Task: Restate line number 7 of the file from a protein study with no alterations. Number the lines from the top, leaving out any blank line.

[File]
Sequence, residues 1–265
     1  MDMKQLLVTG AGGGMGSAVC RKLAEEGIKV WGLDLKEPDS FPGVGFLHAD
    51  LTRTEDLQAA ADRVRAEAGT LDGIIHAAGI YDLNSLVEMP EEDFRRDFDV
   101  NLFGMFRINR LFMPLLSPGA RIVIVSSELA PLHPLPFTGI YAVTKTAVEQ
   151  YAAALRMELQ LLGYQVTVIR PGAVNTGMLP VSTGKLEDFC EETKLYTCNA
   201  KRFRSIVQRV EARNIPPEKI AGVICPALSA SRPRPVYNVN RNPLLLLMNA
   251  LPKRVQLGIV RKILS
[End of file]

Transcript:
   251  LPKRVQLGIV RKILS